Poe’s “The Raven” is inspired by a single obsessive image. Also, see his short stories “The Black Cat” and “The Tell-Tale Heart.”

Sonnets are not just 14-line poems in iambic pentameter that rhyme ababcdcdefefgg. They contain the whispers of Petrarchan love poetry within their lines, something that can be difficult to escape. For some poets and critics, sonnets symbolize a conservative tradition in poetry that revolves around the almighty iambic line, which must be rebelled against at all costs! Even a short story has a form. It is no accident that Edgar Allan Poe’s short stories–which are among the first examples of the form in literary history–revolve around an obsessive image: short stories, being short, cannot encompass more than one deeply symbolic image. (Not that this is the law today, but for nineteenth-century experimenters, it was true.) Form influences how you read literature. Form is tough. Form is political. Form is unavoidable.

5. Things happen and are done in texts.

Eternal Wanderer: a famous painting of the sublime alps, often a cover for editions of Frankenstein. Also an apt name for a literature student.
Eternal Wanderer: a famous painting of a gentleman hiker in the sublime Alps, often a cover for editions of Frankenstein. An apt name for a literature student.

When working on a paper for my Romantic literature class, I struggled to come up with a thesis about Frankenstein and the sublime. The course lecturer suggested, “It always helps to think in terms of what the sublime is doing in the story.” The way she phrased this sounded strange to my ears. Is there agency in texts apart from the author’s? Can the idea of the sublime itself be doing something in a story? The answer was, “Of course!” I ended up writing a fine paper about how Mary Shelley critiques the sublime as a female Romantic writer who has some distance from male Romantic aesthetic. I might have also said that the sublime was working in the story to critique conventional Romanticism. Ideas play in a text even if the author does not will it…

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6. Authorial intention can be irrelevant.

A common objection in High School English classrooms is, “What if Shakespeare didn’t really mean that?” Exasperated by the complexity of Billy Shakes’ lingo, they throw their hands up in the air and choose not to believe in complexity at all. But ANYONE who has tried to write a piece of creative work, if they have put any thought into writing at all, knows that Shakespeare intended to write what he wrote (censorship, his actors’ poor memory at recollecting the text, and contemporary editing aside). When you take the time to think enough about writing, crafting cobbe shakesyour language to an advanced level, you better believe you are intending every word that you write.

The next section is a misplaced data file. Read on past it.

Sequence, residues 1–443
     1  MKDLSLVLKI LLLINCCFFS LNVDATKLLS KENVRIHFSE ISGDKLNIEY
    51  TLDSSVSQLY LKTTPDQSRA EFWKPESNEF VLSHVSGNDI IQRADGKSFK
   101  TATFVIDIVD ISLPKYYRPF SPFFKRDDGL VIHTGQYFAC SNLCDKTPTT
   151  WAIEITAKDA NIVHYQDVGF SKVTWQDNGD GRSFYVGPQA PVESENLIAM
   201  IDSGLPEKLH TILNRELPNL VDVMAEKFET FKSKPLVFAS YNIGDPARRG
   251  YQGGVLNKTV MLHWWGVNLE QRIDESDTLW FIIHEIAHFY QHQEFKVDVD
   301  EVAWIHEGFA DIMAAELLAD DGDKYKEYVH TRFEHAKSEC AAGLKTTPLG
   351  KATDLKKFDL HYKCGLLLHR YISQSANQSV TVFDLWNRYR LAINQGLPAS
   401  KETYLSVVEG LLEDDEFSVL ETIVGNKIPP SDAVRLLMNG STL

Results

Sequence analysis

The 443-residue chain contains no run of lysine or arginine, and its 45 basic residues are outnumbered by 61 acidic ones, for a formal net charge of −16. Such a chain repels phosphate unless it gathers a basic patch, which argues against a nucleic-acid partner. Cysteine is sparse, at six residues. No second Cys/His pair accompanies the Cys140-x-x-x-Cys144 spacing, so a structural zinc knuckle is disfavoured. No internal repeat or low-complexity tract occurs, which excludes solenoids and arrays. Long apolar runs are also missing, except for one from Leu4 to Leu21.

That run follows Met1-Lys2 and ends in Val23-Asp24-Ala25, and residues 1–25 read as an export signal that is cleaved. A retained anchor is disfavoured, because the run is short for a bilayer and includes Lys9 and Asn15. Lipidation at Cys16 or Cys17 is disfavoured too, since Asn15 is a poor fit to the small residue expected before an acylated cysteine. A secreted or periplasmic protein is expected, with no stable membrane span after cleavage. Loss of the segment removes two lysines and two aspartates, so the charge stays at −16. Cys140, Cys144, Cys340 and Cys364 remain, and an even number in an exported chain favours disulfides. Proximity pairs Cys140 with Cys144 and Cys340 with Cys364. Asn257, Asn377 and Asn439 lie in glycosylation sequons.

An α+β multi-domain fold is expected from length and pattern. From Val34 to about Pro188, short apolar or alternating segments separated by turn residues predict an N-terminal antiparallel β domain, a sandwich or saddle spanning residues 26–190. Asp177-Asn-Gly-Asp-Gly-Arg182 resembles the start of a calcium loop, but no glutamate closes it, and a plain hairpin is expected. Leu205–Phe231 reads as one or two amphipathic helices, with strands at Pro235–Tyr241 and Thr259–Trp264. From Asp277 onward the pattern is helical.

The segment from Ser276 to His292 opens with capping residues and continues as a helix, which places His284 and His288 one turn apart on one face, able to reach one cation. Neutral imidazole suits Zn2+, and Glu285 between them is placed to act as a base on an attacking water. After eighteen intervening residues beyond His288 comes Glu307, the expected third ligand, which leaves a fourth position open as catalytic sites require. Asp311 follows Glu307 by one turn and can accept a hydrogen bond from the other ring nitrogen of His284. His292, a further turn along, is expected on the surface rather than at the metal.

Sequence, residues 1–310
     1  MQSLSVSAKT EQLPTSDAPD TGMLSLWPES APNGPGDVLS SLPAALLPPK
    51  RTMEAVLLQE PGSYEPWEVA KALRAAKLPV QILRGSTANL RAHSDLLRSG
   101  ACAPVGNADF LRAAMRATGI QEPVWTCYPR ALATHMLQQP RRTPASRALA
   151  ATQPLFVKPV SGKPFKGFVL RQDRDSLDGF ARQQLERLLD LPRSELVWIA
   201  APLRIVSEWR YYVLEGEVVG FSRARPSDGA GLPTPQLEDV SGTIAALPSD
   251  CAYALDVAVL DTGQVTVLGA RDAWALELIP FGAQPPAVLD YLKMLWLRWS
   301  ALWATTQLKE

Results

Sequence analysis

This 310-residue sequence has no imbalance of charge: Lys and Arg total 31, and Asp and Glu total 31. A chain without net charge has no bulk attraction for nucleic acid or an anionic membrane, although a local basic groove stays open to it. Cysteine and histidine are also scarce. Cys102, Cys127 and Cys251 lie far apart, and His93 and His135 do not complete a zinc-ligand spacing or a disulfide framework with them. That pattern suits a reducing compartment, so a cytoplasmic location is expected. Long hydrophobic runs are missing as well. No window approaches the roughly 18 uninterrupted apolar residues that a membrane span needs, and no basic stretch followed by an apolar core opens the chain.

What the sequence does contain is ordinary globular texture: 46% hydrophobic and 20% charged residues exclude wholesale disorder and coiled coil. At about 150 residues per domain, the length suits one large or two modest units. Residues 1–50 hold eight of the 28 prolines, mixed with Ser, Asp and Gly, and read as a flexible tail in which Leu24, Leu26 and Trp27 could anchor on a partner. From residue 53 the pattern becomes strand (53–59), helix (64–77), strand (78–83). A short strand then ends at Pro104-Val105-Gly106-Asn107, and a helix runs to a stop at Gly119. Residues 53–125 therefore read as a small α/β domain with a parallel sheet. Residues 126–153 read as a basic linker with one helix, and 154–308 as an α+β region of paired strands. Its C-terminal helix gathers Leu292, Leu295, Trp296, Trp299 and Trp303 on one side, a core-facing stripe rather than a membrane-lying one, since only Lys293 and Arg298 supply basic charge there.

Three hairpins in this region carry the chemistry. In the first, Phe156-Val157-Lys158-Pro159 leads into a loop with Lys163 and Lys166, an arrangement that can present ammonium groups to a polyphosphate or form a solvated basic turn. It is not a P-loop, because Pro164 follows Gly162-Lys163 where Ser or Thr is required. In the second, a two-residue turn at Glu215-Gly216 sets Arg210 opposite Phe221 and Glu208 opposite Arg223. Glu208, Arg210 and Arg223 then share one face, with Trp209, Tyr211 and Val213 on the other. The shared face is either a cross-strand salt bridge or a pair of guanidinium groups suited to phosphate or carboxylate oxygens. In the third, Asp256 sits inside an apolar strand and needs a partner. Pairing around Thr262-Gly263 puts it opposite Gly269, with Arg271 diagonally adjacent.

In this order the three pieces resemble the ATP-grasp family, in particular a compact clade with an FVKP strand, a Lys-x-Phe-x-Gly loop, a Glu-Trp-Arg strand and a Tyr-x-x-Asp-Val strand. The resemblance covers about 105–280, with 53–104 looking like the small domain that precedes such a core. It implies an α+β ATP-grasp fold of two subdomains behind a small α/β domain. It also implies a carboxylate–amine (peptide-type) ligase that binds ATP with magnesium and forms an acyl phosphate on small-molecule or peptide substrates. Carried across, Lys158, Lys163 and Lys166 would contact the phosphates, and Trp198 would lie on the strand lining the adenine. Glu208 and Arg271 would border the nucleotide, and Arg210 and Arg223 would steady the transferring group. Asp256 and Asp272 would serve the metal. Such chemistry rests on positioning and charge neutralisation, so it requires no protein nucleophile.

However, the High School student does hint at an important point. Sometimes, a professor or teacher will create a complex argument to argue something about Shakespeare and it will seem abstract. Even a seasoned English student will doubt that Shakespeare ever really intended his listeners to understand his plays in that way. But the student would be wise not to stumble into the intentional fallacy. The author may have intended one interpretation of his text, or sometimes none in particular. Does that mean a reader can’t make more out of the author’s work than even the author saw in it? Absolutely not! Critics can explore every range of possible meaning in a text.

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7. You can analyze anything.

Don’t just think because courses revolve around the “big names” of literature–the literary canon–that you cannot study the authors you love. Chaucer, Shakespeare, Pope, Wordsworth, Byron, Browning, James, Eliot … hopefully a literature class will teach you to appreciate the greats, the saints of the religion of English literature. But why not overturn the canon and speak of an non-canonical author? I wrote my Honours thesis on Guy Gavriel Kay, who I had discovered by accident years ago and began reading for pleasure long before I started at McGill. I have now read his completed works. In literary theory, no novel, short story, poem, or play is off bounds.

GGK
Guy Gavriel Kay

8. Topic sentences should be able to read as an independent “phantom” paragraph, or abstract.